Regional mapping of ultra-low velocity zones beneath the Coral Sea using Bayesian inference

Monday, 14 December 2015: 16:45
307 (Moscone South)
Surya Pachhai1, Hrvoje Tkalcic1, Jan Dettmer2 and Nicholas Rawlinson3, (1)Australian National University, Canberra, ACT, Australia, (2)Australian National University, Research School of Earth Sciences, Canberra, ACT, Australia, (3)Australian National University, Canberra, Australia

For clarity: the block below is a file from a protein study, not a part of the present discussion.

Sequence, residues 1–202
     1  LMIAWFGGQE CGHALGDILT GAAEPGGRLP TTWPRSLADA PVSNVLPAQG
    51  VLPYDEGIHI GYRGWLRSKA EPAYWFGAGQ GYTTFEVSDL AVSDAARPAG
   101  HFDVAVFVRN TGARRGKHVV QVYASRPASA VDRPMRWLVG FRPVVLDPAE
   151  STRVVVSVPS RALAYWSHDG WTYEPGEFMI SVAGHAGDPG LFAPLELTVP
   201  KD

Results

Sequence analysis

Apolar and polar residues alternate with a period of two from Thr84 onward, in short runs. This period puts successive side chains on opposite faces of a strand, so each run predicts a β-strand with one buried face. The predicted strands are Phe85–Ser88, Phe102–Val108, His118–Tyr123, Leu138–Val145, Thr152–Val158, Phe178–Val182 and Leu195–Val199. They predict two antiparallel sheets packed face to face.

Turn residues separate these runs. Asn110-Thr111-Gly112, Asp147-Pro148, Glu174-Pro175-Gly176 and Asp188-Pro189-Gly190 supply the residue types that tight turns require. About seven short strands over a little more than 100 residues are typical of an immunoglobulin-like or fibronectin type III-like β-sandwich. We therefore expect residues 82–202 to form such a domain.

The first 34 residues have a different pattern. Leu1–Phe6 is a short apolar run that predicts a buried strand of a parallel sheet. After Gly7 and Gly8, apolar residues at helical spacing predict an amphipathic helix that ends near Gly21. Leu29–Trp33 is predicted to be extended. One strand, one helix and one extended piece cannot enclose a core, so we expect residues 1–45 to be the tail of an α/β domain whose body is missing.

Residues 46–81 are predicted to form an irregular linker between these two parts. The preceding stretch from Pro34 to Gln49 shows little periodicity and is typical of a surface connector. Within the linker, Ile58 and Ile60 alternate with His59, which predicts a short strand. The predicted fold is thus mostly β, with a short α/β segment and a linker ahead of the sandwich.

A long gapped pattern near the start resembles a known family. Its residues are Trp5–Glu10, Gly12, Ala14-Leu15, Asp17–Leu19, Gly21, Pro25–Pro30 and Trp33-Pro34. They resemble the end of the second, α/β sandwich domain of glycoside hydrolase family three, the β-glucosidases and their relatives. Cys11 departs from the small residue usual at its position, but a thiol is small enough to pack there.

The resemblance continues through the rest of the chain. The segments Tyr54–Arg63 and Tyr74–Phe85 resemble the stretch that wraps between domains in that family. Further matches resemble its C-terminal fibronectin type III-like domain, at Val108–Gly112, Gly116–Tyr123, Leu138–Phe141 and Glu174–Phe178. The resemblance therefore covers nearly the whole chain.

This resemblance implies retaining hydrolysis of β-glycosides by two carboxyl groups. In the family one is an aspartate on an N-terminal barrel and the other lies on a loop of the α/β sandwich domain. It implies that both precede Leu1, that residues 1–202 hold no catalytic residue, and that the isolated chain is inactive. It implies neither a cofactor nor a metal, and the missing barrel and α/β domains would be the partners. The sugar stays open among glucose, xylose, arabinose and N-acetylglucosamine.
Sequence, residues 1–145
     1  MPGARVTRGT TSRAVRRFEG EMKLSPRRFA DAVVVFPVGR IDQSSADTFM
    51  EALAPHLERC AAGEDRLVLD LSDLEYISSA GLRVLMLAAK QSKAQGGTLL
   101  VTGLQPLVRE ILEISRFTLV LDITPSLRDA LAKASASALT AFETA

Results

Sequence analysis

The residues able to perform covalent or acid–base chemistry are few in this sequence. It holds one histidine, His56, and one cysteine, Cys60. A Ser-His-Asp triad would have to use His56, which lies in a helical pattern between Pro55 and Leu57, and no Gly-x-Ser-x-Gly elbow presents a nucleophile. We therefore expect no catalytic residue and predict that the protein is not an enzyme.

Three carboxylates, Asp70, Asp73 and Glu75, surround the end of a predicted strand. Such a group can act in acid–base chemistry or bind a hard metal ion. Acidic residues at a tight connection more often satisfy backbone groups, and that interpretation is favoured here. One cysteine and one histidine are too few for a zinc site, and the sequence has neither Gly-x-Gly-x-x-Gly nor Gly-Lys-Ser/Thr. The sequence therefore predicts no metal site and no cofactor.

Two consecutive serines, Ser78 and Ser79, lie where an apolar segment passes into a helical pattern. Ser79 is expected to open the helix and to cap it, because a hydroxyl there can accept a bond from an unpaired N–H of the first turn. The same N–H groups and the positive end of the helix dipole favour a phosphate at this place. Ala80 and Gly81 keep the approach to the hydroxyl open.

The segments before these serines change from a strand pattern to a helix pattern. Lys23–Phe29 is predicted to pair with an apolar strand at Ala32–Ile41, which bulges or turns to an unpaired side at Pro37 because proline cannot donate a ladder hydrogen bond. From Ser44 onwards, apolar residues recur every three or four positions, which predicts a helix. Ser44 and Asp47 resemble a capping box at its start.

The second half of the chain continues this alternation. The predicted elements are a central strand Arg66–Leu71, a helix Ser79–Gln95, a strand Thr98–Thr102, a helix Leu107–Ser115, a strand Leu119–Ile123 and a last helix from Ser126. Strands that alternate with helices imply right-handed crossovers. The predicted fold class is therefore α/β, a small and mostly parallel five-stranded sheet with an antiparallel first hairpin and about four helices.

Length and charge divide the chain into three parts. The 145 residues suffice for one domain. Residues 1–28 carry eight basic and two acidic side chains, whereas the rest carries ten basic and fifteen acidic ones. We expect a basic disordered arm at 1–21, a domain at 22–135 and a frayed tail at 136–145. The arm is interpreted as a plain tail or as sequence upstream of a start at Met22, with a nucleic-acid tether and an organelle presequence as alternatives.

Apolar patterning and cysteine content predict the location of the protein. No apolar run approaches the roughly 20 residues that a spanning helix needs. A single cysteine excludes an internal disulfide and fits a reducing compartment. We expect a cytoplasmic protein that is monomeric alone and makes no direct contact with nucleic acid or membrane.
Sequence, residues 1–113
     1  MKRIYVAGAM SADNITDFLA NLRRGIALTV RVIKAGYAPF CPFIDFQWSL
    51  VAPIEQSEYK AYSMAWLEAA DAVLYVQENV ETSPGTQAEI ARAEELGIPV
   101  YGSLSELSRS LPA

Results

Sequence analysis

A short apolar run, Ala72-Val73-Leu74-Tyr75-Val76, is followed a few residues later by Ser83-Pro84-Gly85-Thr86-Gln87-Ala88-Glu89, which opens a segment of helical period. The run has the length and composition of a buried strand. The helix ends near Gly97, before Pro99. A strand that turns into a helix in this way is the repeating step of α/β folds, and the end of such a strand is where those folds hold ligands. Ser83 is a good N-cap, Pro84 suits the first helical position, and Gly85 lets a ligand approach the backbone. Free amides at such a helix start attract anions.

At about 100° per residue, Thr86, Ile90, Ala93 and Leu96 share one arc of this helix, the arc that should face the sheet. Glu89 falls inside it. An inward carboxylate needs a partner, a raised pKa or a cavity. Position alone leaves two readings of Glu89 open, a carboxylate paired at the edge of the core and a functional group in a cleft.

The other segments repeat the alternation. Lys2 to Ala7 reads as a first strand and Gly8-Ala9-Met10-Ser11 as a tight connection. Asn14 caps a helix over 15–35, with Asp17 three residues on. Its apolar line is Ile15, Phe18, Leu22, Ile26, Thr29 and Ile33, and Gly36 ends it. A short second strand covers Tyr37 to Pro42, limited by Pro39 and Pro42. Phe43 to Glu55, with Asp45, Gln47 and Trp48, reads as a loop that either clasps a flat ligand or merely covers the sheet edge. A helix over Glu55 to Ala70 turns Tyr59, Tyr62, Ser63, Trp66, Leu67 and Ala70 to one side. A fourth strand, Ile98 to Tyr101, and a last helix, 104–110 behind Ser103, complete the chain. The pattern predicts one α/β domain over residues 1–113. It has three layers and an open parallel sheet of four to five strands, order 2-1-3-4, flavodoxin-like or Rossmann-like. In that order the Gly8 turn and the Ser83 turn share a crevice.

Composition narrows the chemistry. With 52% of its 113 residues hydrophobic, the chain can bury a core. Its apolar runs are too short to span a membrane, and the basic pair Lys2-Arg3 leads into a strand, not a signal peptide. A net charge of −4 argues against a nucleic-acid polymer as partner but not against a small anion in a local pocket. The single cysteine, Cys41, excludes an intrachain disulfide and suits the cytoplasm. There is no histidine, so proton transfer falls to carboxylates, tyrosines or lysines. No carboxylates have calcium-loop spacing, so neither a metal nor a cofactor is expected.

Forward waveform modeling of seismic wave conversions at the core-mantle boundary (CMB) points to a strong decrease in P- and S-wave velocity, and an increase in density in a thin zone above the CMB known as the ultra-low velocity zone (ULVZ). However, physical interpretation of ULVZs is challenging due to non-uniqueness of model parameters and lack of rigorous uncertainty estimates. Here, we present results from Bayesian waveform inversions of ScP waves (shear waves converted to, and reflected as compressional waves at the CMB) that sample a wide region beneath the Coral Sea off northeast Australia. The waveforms are obtained from short-period transportable arrays in southeast Australia and the Warramunga array in Northern Territory. The inversion does not require explicit noise and ULVZ parameterization (i.e. number of ULVZ layers and noise parameters treated as unknowns). Model uncertainties are quantified and distinguished from parameter variability as a function of depth and at various locations. The study reveals complex ULVZs, some well and some weakly constrained, with multiple layers as likely solutions. A common feature in all well-constrained results is that the S-wave velocity decreases as a function of depth with narrow uncertainties while P-wave velocity and density have wider uncertainties. Furthermore, ULVZ height varies as a function of location, at the CMB which implies lateral variability of these structures. S and P velocities are decreased by up to 50% and 30%, respectively, whereas density increases up to 30% with respect to the 1-D reference model. These strong perturbations indicate the presence of melt-rich iron material in the lowermost mantle beneath the Coral Sea. In contrast, weakly constrained ULVZs can be a result of: (a) an insufficient number of waveforms to reduce the incoherent noise and/or (b) incoherent pre-/post-cursors due to the 3D shape of ULVZs which cannot be accounted for by a 1-D forward model.